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Shots - Health News
12:32 am
Wed July 9, 2014

Like All Animals, We Need Stress. Just Not Too Much

Daniel Horowitz for NPR

Originally published on Thu July 10, 2014 9:09 am

Ask somebody about stress, and you're likely to hear an outpouring about all the bad things that cause it — and the bad things that result. But if you ask a biologist, you'll hear that stress can be good.

In fact, it's essential.

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Law
12:32 am
Wed July 9, 2014

States Push For Prison Sentence Overhaul; Prosecutors Push Back

The Lafayette Parish Correctional Center in downtown Lafayette, La. By most counts, Louisiana has the highest incarceration rate in the country, but sentencing reformers have loosened some of the state's mandatory minimum sentences and made parole slightly easier to get.
Denny Culbert for NPR

Originally published on Wed July 9, 2014 5:01 am

Some red states like Louisiana and Texas have emerged as leaders in a new movement: to divert offenders from prisons and into drug treatment, work release and other incarceration alternatives.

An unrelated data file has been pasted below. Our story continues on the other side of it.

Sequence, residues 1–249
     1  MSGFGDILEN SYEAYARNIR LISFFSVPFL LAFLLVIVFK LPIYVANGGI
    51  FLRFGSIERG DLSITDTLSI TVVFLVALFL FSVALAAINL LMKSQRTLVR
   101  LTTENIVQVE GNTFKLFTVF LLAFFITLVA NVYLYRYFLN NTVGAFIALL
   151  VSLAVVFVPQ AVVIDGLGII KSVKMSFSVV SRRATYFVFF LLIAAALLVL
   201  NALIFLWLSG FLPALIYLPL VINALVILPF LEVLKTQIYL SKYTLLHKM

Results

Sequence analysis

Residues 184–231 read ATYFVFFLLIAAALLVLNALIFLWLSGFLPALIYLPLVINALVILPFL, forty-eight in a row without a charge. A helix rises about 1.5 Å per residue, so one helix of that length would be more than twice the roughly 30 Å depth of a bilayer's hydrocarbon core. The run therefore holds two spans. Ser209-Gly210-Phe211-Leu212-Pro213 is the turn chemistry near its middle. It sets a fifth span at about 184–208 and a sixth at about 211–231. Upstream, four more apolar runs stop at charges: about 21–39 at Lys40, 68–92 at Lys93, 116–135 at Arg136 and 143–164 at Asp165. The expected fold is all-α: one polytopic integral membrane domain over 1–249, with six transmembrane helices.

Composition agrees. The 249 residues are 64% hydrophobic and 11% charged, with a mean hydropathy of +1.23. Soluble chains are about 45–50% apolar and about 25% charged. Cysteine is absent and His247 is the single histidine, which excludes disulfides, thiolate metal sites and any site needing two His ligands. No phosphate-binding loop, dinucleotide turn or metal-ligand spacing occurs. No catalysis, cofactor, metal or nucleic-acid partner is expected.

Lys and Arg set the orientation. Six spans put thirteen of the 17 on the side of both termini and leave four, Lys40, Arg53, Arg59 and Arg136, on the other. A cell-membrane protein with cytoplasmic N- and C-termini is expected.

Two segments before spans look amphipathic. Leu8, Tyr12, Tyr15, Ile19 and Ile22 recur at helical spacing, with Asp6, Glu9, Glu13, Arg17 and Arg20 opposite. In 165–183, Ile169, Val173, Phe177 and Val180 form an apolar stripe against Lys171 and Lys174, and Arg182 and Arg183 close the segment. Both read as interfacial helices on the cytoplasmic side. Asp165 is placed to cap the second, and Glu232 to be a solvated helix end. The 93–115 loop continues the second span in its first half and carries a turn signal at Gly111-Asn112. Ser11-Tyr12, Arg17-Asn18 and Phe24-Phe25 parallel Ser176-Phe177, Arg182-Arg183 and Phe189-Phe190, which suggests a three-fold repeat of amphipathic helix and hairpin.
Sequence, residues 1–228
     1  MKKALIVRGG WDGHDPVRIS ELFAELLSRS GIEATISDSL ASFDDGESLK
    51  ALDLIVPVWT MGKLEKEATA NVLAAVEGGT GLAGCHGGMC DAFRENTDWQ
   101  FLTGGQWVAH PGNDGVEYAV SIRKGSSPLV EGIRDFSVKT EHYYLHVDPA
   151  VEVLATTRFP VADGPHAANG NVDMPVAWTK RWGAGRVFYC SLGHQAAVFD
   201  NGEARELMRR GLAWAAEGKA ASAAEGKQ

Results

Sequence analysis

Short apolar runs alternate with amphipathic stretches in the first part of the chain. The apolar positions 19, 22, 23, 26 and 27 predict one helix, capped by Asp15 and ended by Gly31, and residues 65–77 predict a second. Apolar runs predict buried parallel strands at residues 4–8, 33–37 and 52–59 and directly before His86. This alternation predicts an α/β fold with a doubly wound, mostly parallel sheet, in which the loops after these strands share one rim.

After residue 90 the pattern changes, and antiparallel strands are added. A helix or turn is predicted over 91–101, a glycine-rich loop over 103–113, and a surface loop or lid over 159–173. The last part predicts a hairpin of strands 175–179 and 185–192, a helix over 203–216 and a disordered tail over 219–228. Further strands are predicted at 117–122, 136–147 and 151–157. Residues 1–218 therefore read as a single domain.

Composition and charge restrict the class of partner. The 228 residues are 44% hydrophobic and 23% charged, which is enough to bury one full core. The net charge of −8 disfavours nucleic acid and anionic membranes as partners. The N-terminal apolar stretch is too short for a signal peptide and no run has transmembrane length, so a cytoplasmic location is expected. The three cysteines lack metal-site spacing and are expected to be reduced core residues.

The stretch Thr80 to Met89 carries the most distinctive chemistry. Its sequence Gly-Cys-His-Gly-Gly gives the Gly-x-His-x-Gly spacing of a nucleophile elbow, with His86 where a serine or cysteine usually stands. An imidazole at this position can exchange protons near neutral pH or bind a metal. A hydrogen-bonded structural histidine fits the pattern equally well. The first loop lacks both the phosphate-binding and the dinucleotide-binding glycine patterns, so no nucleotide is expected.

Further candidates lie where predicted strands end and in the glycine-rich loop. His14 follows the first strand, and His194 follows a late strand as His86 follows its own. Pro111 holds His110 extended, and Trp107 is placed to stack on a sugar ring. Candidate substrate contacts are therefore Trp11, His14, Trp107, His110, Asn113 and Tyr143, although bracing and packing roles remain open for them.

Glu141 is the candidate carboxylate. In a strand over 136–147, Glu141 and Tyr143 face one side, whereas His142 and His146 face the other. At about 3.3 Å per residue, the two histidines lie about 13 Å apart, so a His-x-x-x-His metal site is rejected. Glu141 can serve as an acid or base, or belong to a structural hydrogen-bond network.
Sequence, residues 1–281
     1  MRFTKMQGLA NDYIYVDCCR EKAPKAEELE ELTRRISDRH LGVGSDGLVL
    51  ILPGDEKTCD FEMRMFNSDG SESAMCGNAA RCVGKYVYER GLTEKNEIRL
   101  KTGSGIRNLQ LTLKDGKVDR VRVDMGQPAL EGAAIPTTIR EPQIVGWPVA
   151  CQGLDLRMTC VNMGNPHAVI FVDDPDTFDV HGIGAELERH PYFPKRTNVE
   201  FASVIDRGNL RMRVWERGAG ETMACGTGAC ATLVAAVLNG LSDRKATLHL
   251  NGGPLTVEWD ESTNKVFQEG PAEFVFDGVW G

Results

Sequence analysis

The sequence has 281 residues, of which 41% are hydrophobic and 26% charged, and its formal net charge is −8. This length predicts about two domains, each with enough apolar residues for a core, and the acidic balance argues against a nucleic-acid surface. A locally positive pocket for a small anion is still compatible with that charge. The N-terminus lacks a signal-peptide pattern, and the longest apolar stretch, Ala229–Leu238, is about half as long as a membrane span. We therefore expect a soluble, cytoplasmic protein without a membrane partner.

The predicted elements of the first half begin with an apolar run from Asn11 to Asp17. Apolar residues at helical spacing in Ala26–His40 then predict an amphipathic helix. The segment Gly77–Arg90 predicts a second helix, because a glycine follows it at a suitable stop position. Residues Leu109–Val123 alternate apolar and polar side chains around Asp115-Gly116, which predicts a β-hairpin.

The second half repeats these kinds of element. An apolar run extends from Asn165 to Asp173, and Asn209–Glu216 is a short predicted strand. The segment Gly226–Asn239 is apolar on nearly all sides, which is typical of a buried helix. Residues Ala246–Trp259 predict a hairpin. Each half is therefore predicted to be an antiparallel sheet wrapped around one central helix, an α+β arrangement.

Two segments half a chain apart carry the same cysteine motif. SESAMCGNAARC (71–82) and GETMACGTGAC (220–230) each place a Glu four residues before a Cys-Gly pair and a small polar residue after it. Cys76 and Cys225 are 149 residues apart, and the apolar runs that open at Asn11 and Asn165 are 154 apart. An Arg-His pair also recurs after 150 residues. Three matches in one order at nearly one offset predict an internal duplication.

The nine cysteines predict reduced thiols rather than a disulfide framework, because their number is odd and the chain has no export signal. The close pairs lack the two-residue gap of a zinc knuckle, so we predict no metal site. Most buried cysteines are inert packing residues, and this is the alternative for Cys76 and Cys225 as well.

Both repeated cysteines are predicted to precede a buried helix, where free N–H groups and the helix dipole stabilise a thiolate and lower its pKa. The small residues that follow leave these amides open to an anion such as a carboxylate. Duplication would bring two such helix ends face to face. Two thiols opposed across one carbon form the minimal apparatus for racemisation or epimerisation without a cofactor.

By most counts, Louisiana has the highest incarceration rate in the country. In recent years, sentencing reformers in the capital, Baton Rouge, have loosened some mandatory minimum sentences and have made parole slightly easier for offenders to get.

But as reformers in Louisiana push for change, they're also running into stiffening resistance — especially from local prosecutors.

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War On Poverty, 50 Years Later
4:06 pm
Tue July 8, 2014

To Break Cycle Of Child Poverty, Teaching Mom And Dad To Get Along

Brittiny Spears, 26, is not with the father of her daughter, Zykeiria, 4. "He just still wanted to go out and party and be a little boy," Spears says.
Jennifer Ludden NPR

Originally published on Wed July 9, 2014 6:52 am

After a half-century of the War on Poverty, an anti-poverty agency in Ohio has concluded that decades of assistance alone just hasn't changed lives. Instead, it says, the ongoing breakdown of the family is to blame.

"You're seeing the same people come year after year, and in some cases generation to generation. And so then you think, why is that happening?" says Jennifer Jennette, program manager of the Community Action Commission of Erie, Huron and Richland Counties in Ohio.

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It's All Politics